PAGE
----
In the opinion of Alan Furst, he was a hack writer until he found his grand passion, and pursuing it made all the difference. Beginning in 1988 he wrote his way to becoming the now-acclaimed New York Times bestselling author of 13 spy novels.
Furst concentrates on the years 1934 to 1942, when Hitler and the Nazis looked unstoppable. Asked if he would ever show his reoccurring characters coping in the immediate post-war period, he scoffed. “Absolutely not,” he answered—since after the Nazi defeat at Stalingrad, the mood changed among the anti-Hitler forces. Victory became assured, seen only as a matter of time. Lives were no longer lived on the very edge of defeat. Furst has no interest in that.
Write where you find your sweet spot, he said, and do not waver.
People read endless thrillers about World Wars I and II and the Cold War. Bestselling authors John le Carré, Philip Kerr, and Jacqueline Winspear place their mysteries against backdrops of great turmoil and danger provided by these wars or their tortuous aftermath. They inspired me to find my own sweet spot in the decidedly unsweet years of the Vietnam War—fraught with political and social upheaval.
Because decades have passed since the war ended in 1975, I felt readers would be interested in seeing that period treated historically.
Thus motivated, I set my debut mystery Desolation Row in 1968 among the draft resister community in Toronto, Canada. I knew the subject of draft resistance was problematic, but I felt compelled to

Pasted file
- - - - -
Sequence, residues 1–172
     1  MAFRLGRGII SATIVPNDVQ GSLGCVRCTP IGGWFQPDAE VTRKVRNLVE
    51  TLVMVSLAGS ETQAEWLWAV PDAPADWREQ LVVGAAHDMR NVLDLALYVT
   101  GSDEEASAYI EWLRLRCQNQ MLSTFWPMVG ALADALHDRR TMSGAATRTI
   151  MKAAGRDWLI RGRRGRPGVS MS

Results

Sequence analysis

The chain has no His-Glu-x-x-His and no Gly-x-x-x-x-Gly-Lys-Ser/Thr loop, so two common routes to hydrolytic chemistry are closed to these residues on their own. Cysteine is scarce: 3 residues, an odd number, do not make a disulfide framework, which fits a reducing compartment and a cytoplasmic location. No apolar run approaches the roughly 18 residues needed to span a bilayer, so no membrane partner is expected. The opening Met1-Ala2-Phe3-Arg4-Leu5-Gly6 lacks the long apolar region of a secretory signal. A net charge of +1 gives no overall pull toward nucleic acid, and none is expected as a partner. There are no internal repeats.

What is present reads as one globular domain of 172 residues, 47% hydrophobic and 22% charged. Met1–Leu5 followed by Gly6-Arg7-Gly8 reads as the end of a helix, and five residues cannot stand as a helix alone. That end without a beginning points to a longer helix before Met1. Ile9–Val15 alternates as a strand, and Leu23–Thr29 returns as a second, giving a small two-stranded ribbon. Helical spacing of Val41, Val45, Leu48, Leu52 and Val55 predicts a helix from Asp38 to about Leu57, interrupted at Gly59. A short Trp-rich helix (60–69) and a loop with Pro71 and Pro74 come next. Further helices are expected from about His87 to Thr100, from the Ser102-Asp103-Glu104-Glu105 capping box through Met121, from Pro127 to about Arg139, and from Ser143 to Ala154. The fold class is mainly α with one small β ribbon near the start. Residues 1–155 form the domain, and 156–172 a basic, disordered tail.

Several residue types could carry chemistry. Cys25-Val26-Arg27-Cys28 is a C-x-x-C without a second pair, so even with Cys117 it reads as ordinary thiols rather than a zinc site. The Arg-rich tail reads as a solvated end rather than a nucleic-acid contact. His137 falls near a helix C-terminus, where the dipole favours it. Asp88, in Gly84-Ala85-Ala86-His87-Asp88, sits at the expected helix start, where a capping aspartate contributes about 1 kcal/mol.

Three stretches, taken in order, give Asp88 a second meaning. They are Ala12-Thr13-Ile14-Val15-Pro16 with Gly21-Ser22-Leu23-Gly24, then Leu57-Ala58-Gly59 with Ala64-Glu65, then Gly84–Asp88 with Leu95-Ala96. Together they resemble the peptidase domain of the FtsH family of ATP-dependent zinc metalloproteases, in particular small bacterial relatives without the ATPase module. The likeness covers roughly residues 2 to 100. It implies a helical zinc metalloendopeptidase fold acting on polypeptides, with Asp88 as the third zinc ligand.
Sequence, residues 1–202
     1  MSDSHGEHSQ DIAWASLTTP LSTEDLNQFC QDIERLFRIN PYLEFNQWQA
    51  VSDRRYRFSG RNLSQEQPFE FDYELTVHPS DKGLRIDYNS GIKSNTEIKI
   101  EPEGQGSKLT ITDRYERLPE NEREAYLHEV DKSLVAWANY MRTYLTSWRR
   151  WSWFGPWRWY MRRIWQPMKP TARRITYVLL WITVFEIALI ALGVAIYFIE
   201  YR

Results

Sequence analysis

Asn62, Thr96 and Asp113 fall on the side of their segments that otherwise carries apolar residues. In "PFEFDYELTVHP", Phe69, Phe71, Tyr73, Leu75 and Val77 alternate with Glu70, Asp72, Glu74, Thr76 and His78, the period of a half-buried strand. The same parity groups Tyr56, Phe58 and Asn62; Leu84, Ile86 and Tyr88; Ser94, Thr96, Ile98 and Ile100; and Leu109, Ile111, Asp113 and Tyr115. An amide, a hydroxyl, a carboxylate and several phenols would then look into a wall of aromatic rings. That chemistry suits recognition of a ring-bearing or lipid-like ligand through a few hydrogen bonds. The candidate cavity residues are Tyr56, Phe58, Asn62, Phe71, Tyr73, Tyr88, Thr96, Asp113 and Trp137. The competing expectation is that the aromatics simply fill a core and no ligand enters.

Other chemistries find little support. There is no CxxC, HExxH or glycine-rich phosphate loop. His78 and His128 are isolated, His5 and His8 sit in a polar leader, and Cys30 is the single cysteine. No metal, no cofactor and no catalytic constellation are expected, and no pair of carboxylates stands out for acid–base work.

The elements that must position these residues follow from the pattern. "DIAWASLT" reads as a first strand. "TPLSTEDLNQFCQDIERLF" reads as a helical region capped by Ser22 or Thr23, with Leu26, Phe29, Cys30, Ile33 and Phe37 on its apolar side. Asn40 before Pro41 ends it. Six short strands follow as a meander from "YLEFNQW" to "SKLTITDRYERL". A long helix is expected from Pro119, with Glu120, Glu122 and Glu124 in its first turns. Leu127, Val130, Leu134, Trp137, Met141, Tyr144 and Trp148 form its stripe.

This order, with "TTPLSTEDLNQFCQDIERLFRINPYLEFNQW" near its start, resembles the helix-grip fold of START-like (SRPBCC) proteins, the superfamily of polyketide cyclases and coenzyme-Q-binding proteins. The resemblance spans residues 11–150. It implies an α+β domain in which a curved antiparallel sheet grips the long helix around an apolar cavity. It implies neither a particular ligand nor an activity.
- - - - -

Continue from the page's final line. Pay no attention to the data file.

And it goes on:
explore it anyway, choosing the point of view of a young Texas bride who followed her husband into exile.
What has surprised me is how deep the antipathy is to the late sixties. Since my book was published last year, I’ve heard many sentiments like this—“Living through that ugly time was enough, and I never read about it.”
When I dropped into the Mysterious Bookstore in New York City during my first ThrillerFest in 2013, I talked to a longtime bookseller there. He nodded sadly and confirmed my opinion. “The Vietnam War era is a tough sell,” he said. (His attire pegged him as an aging hippie.)
Yet there are people still suffering the aftershocks of the war itself—the wounded warriors and their dear ones whose psyches and/or bodies are scarred by fighting in that war in Southeast Asia. Their injuries are so deep and often still so raw that I am reinvigorated to persist in writing about the era.
I don’t think you should glaze over history, try to forget about it, or pretend it never happened. That way lies real danger. I have discovered, however, that readers most directly traumatized are relieved to discuss it. For them it is necessary, therapeutic.
So I was heartened when I heard Alan Furst’s advice: it’s imperative to stick with the subject that “turns you on”—to use a term from the benighted 1960s. I will not forsake those years merely because they are vilified by some. I only wish it were not so.
Who knows? Perhaps a few more of my historic thrillers will succeed in showing readers how fascinating that time was. Rock on, everyone, rock on.
In 1968 a young bride from Texas uses her CIA-honed skills to catch the real killer when her husband lands in a Canadian jail for murdering the draft-resisting son of a United States senator. “Desolation Row hooked me on page one,” says thriller author Norb Vonnegut. “Kay Kendall is one author who knows how to burrow into your heart."
Kay Kendall is an international award-winning public relations executive who lives in Texas with her husband, three house rabbits, and spaniel Wills. Growing up during the Cold War, she gew excited when an ICBM (intercontinental ballistic missile) was installed near her hometown in Kansas. A fan of historical mysteries and the brilliant spy novels of John le Carré, she set her debut mystery during the Vietnam War, a key conflict of last century not already overrun with novels.